Sometimes losing is instrumental to learning how to win. Sometimes losing is just a humiliating defeat.
The United States acquired Florida in 1821. In 1835, a detachment of over 100 soldiers was dispatched to police the local Seminole tribes. The entire detachment was wiped out. That’s a loss rate of 100 percent—a defeat not matched any other major engagement.
Sure there have been other really bad days for Americans in battle, but nothing like what became known as the “Dade Massacre.”
In contrast, at least 14 people, for example, survived the Battle of the Alamo (1836) and that battle really doesn’t count anyway because Texas didn’t become a state till 1945.
All 210 of Custer’s command did die at the Little Big Horn (but a horse survived and 60-70 horses were captured). Still, the battle was part of a bigger battle including the Battle of the Rosebud (1876), so the entire unit in the campaign was not wiped out.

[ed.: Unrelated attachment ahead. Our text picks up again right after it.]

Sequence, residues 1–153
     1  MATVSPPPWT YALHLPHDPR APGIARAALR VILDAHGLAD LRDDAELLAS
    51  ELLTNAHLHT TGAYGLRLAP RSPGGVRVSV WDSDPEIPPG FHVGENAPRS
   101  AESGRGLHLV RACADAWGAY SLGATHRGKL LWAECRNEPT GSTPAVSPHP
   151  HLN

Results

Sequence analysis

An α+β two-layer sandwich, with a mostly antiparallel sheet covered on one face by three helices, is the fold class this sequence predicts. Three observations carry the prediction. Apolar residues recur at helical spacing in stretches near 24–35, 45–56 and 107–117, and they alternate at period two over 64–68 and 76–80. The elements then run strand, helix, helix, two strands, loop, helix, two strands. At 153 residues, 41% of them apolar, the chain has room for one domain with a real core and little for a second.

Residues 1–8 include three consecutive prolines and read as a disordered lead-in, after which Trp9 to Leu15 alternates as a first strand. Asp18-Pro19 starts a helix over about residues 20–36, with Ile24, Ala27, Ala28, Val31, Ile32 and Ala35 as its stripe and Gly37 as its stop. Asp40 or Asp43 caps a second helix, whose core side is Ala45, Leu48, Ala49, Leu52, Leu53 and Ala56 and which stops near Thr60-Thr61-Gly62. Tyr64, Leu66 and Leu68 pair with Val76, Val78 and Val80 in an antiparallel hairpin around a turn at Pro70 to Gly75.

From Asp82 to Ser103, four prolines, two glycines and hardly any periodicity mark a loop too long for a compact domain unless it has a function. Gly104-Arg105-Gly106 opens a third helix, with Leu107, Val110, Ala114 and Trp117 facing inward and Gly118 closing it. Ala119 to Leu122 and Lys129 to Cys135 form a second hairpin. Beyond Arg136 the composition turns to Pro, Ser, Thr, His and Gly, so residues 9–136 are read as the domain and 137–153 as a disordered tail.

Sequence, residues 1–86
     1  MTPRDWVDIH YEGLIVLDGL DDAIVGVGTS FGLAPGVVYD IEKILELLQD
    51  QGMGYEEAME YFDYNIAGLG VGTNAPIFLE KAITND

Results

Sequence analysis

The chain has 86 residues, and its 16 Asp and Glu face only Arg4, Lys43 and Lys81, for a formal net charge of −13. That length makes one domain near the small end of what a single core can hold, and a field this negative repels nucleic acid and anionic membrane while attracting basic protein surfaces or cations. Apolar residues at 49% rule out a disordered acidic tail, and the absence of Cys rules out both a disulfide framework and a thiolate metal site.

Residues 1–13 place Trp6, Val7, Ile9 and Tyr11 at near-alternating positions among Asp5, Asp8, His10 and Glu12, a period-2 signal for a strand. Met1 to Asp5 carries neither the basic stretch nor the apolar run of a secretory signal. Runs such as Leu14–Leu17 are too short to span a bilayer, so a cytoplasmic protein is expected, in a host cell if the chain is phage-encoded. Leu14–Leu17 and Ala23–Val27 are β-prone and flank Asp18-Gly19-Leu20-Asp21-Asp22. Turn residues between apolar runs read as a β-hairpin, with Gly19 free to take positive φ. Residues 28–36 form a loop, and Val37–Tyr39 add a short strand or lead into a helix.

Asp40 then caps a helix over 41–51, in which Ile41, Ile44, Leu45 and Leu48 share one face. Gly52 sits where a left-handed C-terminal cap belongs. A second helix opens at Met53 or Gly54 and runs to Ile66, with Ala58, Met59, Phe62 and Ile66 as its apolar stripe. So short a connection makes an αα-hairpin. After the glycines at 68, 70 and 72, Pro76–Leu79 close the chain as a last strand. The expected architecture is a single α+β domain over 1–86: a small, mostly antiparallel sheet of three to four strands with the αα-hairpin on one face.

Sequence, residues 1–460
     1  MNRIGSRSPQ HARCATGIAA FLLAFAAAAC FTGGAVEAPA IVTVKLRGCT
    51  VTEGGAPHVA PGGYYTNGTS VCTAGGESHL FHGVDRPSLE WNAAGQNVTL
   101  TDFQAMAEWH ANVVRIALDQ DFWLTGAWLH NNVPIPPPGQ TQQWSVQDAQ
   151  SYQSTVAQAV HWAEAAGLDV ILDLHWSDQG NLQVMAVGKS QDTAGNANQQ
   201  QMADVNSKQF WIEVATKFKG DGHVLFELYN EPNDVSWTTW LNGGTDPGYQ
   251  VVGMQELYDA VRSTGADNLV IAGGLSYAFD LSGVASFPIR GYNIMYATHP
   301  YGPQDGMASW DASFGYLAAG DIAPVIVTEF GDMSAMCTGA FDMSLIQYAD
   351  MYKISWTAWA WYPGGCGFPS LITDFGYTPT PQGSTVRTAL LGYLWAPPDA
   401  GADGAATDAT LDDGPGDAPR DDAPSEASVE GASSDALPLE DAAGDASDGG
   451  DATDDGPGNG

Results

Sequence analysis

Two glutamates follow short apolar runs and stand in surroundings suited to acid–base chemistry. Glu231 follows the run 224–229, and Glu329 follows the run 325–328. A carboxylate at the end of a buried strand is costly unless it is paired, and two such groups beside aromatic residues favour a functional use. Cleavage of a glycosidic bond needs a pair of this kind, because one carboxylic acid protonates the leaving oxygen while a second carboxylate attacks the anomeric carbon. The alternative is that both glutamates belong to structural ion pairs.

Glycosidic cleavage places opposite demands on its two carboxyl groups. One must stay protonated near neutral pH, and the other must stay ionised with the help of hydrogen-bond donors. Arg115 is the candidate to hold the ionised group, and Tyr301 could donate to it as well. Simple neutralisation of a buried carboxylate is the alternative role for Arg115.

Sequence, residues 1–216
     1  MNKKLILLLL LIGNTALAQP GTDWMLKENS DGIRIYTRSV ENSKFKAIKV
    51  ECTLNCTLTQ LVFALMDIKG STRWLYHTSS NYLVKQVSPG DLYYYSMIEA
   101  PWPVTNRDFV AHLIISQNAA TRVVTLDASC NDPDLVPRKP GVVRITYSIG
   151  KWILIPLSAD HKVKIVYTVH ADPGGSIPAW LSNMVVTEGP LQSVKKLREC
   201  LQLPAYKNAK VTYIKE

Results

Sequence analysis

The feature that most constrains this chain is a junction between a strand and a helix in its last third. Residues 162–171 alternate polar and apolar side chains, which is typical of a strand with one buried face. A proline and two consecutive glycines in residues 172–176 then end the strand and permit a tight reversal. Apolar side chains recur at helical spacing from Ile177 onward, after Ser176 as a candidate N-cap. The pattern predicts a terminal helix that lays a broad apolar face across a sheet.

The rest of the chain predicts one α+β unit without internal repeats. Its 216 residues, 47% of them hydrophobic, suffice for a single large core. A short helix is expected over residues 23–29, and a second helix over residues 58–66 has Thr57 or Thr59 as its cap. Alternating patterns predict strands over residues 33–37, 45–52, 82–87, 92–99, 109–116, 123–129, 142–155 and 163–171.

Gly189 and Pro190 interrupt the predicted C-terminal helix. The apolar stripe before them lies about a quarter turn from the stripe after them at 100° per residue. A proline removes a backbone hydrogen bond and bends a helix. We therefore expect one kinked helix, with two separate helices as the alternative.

Biggest U.S. loses in a single campaign was the Meuse-Argonne Offensive (September 26, – November 11, 1918), over 26,000 killed in action, but then again one million doughboys fought in this action.
The largest American loses in the a single battle was probably Gettysburg (1863). Deaths numbered almost 8,000 (but that included troops from both sides and the fight last three days).
No. The opening fight of the Second Seminole War seems to be the dubious winner of the most disastrous campaign in U.S. military history.